Restaurants: Sitting on their laurels

Daphne's offers a tantalising menu and unrivalled service, says Vivienne Heller
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The Independent Culture
A sporting misadventure has transformed me from working girl to sad homebody, and, boy, can four walls pall after five days. Hence I've summoned the services of Venetia, a professional lady-who-lunches, for a mercy mission to restore my sanity.

In a twinkle of her Triumph, I'm limping through the wrought-iron gates of Daphne's, across the flag-stoned entrance to a sunny window seat. The air is suffused with the scent of lilies from huge floral displays, and sunlight glints off the gold-leaf blocks on mustardy walls. Forget the invalid blues; my spirits are off surfing a Mediterranean dream.

Famed as a haunt of Princess Diana, Daphne's has been attracting the jet set for years. I'm not surprised she adored it: discreet waiters, beautifully-groomed diners, and a menu that suits everyone from Voyage waifs to bespoke businessmen.

I tucked my injured foot next to Venetia on her suede seat cushion, and considered the options. Starters (around pounds 7) included beef carpaccio, oysters, and an aubergine galette. Fish fiends, we decided to share the calamari fritti: lightly battered morsels in a linen-napkin nest. They proved too delicate for the cloying basil mayonnaise dip, but were moreish on their own.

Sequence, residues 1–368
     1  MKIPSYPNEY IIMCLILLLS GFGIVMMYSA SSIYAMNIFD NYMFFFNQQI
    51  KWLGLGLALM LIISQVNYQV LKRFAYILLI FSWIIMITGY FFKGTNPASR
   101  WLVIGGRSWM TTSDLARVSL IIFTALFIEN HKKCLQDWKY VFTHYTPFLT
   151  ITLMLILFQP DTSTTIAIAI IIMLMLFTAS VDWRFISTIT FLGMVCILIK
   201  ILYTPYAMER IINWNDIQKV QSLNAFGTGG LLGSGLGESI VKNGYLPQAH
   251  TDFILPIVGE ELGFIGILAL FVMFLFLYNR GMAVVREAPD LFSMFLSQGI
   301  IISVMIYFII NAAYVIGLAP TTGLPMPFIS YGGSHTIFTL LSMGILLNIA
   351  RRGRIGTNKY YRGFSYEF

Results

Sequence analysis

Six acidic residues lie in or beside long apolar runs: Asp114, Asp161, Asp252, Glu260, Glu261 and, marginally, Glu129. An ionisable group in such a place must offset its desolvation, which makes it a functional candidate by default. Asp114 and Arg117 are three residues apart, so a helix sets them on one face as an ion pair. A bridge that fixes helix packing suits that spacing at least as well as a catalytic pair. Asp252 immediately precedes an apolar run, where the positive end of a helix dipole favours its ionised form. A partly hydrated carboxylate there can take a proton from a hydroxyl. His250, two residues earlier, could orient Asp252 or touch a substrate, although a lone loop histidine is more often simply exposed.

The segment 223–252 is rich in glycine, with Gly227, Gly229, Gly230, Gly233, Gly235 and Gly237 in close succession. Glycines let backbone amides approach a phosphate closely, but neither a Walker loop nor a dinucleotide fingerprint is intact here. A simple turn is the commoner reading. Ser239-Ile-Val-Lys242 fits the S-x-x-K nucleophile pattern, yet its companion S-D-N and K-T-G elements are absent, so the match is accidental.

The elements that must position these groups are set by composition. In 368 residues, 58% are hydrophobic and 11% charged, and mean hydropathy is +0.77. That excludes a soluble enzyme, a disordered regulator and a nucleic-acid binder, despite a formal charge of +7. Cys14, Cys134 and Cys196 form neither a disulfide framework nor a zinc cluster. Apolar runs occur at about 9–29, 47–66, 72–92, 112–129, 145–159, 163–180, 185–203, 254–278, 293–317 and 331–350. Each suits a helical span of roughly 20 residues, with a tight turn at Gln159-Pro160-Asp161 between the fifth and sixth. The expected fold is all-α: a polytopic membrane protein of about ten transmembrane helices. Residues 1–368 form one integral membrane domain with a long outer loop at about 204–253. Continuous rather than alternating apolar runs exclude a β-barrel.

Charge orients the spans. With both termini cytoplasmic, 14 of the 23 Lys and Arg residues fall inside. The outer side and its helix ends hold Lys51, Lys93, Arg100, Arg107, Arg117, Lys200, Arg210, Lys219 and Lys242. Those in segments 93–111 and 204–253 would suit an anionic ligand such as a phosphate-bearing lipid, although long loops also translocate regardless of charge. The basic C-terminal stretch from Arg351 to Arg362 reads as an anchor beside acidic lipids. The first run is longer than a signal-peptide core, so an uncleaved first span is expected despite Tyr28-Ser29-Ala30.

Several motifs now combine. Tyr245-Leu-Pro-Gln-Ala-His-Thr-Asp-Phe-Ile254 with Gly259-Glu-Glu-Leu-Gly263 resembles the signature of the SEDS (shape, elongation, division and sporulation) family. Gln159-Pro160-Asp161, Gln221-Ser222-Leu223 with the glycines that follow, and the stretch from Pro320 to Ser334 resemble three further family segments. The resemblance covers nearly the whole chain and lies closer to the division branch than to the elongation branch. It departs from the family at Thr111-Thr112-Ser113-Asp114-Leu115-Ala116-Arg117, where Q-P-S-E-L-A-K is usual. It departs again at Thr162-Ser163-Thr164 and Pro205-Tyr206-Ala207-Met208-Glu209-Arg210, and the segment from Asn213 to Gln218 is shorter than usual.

Main courses were divided into three sections: salads (from pounds 6.50); pasta and risotto (from pounds 8.50), featuring squid and zucchini pasta, and hamhock and fava bean risotto; and roasts and grills (from pounds 12.50), including swordfish with pistachio, and lamb with artichoke mash. Venetia and I opted for salads. My lamb's lettuce affair was perfectly formed: fennel and shavings of pecorino were touched by truffle oil and crowned with a paper-thin aubergine crisp. Delicious, as was Venetia's succulent octopus salad. A glance at our neighbour's plates revealed gigantic portions of meat - not big enough for some, judging by the way one fellow feasted his eyes on my companion.

Puddings (from pounds 4.50) were seriously inviting: fig and pear tatin with marscapone, or blood orange with shortbread and custard - washed down with one of nine dessert wines.

We ordered coffee as Venetia smouldered over her umpteenth cigarette, and rejoiced in the fact that lunch had been entirely untainted by smoke thanks to high ceilings and good ventilation. Cheerful waiters had surreptitiously replaced ashtrays throughout our meal, and when I jogged the table with my ailing limb, they brought a clean coffee saucer within seconds: stunning service with an unintimidating smile.

Well, Daphne's was rather an expensive treat, but if I was hobbling when I came in, I left walking on air.

Daphne's, 112 Draycott Ave, SW3 (0171-589 4257) Approx pounds 30 per head



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